One night when Scott was bowling, he saw some people from an organization he previously had worked with. Everyone in this group had been described as disinterested and unmotivated. Meyers watched as one of the men who had been identified as unmotivated approached the line and rolled the bowling ball. Soon he started to clap and jump around with delight. Meyers had never seen the man so animated. Why do you think he was so happy? Because he got a strike and he knew he had performed well.

Meyers contends that the reason people in organizations are not clapping and jumping around at work is, in part, because they aren’t always clear about what is expected of them. In bowling, this would be like rolling the ball down an empty lane without any pins at the end. With no pins to knock down, there is no goal and no performance to measure. That wouldn’t be much of a game, would it?

Yet, every day in the working world, people are bowling without pins. As a result, they can’t tell their manager how they’re doing. When managers assume wrongly that the people on their team know what the goals are, no one is set up for success.

Never assume anything when it comes to goal setting. Set your people up for success by working with them to write clear One Minute Goals. Then check in occasionally and see how they are scoring. Keeping goals top of mind will help people focus on the important work and achieve higher levels of performance.

A Positive Approach to Re-Direction

\One of the things people seem to be most interested in about The New One Minute Manager® is the modern version of the Third Secret: One Minute Re-Directs. Spencer Johnson and I realized that One Minute Reprimands worked years ago when you needed to change behavior in a command-and-control management environment, but today working side by side with people gets better results. When everyone is constantly learning and re-learning new skills The One Minute Re-Direct is more gentle and caring than a reprimand, and that’s what makes it so powerful.

My friend Erwin McManus has a wonderful saying: “Don’t let the truth run faster than love.” This applies so well when re-directing behavior. When someone makes a mistake you need to tell the truth so you can change the behavior—but make sure you do it in a caring way. Also assume the best intentions. The best way to do this is to talk to your direct report about what you observed to make sure their goals were clear to them at the time. If you both determine that the goals were clear, next check out the facts leading up to the re-direction to make sure you both agree on what happened. Discuss the impact of the behavior, and then reaffirm the person in a way that is meaningful. Let the person know they are better than their mistake and you have confidence and trust in them.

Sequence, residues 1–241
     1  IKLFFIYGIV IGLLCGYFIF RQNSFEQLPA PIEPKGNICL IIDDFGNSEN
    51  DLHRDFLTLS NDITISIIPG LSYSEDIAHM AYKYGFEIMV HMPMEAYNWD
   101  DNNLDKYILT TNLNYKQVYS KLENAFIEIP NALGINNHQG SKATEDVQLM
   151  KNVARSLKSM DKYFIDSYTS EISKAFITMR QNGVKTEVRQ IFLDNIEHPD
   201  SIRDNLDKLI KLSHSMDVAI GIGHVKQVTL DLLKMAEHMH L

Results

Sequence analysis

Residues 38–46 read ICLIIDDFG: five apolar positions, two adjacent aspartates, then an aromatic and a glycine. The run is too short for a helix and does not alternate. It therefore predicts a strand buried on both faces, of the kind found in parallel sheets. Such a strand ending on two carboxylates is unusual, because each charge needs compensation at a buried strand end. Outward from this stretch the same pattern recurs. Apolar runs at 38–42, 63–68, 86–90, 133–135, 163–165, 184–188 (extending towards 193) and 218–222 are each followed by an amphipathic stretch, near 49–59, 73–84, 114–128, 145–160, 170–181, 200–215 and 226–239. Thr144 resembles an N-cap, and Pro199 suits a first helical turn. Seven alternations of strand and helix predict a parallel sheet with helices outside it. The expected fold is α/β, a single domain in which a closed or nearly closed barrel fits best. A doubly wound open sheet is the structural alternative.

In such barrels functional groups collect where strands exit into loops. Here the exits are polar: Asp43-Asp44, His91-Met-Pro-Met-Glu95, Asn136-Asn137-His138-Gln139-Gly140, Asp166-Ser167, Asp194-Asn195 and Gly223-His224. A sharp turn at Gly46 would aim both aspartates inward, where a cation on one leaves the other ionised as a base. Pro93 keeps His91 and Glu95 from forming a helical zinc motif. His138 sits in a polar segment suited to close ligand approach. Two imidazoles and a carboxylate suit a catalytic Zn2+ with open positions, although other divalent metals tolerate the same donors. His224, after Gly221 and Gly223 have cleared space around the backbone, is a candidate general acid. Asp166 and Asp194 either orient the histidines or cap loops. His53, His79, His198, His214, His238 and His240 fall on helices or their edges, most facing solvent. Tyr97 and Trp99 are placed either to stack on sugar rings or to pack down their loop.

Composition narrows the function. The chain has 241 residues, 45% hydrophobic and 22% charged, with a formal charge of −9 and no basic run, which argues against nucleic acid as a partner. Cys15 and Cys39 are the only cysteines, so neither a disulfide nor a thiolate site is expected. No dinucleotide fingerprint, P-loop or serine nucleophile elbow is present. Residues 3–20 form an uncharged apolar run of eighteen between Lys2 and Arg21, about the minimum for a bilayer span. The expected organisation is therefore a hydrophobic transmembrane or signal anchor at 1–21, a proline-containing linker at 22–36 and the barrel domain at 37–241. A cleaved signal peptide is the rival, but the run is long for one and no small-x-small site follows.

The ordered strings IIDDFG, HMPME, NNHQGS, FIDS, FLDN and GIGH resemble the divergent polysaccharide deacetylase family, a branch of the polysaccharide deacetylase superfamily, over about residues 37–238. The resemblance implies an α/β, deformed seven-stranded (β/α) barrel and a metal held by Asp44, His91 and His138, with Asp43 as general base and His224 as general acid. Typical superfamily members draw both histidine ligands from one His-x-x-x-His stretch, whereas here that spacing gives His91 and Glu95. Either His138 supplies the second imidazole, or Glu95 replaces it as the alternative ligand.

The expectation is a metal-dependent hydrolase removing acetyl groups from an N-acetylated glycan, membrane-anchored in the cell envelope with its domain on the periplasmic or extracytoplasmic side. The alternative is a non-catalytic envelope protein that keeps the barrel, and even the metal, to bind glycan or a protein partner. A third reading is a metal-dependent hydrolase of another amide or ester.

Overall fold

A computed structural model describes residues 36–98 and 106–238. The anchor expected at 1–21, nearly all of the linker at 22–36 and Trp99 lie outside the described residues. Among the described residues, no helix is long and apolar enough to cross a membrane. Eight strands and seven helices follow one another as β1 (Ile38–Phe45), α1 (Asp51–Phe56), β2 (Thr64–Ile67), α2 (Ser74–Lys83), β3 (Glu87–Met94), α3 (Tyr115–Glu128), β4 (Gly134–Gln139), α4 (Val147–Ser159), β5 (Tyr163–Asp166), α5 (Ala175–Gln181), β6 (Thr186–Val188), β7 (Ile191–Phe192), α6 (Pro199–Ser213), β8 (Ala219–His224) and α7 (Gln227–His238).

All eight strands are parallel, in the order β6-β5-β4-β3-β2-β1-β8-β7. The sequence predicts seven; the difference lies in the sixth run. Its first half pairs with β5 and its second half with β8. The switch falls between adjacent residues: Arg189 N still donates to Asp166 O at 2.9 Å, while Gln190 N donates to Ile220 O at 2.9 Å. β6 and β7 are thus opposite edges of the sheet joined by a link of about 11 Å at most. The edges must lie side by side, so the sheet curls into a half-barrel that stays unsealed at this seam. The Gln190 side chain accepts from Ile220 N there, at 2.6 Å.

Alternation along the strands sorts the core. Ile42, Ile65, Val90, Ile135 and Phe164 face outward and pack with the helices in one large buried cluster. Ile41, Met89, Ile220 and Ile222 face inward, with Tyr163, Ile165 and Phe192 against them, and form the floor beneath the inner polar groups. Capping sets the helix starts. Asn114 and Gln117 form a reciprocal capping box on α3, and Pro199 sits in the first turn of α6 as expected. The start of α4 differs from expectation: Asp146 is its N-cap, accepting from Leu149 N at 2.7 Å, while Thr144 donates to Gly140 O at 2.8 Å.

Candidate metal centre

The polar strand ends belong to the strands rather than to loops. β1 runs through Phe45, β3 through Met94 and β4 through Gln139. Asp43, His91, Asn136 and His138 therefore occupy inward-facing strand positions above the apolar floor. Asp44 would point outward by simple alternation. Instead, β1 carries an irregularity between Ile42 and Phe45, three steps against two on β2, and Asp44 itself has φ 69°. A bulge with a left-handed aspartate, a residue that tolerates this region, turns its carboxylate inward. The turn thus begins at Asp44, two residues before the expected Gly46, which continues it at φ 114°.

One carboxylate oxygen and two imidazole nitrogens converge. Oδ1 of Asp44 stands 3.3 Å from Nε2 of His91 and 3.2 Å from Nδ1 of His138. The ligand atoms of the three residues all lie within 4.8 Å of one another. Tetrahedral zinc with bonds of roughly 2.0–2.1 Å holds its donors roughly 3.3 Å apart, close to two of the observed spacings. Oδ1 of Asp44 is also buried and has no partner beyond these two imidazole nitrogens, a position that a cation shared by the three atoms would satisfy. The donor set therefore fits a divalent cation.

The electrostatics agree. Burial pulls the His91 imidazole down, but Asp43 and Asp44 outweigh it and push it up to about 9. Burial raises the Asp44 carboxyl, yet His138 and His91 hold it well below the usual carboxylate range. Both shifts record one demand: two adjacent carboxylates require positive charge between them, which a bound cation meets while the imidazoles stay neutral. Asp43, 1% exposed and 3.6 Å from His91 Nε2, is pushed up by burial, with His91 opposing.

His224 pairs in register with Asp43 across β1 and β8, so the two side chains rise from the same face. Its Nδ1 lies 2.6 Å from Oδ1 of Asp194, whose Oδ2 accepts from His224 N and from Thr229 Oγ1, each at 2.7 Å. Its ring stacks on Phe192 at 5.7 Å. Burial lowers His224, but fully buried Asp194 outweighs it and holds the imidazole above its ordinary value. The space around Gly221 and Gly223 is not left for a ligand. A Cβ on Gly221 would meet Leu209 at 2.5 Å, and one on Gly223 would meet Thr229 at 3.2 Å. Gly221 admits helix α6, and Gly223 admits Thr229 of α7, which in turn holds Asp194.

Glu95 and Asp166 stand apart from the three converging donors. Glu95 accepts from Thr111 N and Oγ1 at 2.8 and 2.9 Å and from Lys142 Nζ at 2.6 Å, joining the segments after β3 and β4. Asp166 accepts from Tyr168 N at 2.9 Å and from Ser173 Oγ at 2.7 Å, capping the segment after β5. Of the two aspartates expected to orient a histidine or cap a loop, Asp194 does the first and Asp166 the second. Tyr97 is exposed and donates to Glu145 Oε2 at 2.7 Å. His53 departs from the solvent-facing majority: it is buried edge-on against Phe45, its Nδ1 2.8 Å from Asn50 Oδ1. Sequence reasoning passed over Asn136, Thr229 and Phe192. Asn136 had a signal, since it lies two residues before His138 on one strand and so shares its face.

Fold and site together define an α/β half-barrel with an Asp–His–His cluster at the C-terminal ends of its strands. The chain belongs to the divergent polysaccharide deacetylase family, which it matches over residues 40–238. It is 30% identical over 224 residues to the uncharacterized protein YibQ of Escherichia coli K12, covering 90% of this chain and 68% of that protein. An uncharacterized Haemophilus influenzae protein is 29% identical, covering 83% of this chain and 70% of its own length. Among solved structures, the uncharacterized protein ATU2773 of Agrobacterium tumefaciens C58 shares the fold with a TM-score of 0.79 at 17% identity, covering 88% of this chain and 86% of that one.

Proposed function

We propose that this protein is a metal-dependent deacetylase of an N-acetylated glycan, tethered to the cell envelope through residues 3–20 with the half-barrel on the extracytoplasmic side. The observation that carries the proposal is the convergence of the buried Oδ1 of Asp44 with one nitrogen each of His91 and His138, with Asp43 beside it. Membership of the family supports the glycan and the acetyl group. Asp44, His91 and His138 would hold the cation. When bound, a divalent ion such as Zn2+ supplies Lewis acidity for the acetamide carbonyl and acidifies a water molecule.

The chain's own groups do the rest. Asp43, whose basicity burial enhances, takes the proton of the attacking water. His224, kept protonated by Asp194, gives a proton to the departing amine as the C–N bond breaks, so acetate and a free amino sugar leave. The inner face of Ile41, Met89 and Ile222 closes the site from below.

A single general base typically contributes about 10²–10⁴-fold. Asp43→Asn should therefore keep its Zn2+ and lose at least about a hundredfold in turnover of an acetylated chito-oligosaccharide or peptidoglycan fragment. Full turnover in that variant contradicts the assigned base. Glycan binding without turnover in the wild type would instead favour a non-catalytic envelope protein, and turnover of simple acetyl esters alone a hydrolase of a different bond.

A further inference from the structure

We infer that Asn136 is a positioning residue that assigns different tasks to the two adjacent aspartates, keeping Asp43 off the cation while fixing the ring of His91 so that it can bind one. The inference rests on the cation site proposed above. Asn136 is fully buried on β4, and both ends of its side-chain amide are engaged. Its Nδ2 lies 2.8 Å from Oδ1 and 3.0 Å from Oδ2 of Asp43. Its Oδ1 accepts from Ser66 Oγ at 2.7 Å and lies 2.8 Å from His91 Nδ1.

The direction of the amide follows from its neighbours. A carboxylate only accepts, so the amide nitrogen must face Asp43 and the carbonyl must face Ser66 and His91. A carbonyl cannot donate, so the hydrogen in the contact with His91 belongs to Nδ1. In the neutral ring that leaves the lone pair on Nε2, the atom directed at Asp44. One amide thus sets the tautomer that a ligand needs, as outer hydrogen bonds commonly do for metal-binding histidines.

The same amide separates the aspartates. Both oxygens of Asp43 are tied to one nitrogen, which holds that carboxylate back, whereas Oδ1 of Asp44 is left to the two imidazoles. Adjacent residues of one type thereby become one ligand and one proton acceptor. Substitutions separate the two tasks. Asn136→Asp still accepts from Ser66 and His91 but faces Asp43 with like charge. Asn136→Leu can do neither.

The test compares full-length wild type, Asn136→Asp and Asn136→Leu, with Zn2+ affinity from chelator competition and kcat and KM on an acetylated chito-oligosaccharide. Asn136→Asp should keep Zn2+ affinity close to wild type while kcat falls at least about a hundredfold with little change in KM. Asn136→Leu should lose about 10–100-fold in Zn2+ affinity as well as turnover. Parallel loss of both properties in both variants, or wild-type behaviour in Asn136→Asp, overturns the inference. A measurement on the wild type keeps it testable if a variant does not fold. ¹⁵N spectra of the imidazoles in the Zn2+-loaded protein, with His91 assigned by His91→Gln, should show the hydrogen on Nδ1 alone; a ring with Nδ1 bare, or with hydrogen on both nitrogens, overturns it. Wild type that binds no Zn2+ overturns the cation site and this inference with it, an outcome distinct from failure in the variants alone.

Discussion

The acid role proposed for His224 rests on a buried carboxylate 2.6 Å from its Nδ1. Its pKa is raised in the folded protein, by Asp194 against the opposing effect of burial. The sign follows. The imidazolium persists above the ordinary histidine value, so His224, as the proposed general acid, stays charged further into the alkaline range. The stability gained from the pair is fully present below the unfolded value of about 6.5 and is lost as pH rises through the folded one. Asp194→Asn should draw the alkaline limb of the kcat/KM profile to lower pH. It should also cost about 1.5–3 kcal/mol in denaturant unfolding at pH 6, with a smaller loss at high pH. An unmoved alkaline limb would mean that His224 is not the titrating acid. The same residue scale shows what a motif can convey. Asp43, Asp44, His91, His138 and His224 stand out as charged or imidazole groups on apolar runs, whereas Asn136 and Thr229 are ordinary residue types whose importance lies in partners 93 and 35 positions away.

Garry Ridge, CEO of WD-40 Company, states it this way: “It’s important to maintain the balance between being tenderhearted and task oriented.” As a leader you must be able to re-direct behavior to keep people on the right track while also respecting their dignity. Remember—when you share feedback it is never about you or the other person; it is about the behavior. A leader’s job is to constantly help people be the best they can be.

I hope you find this information helpful the next time you need to re-direct someone’s behavior. You’ll encourage them to improve performance while letting them know how much you support their success.

NOMM-book-featureTo learn more about The New One Minute Manager, visit the book homepage where you can download the first chapter.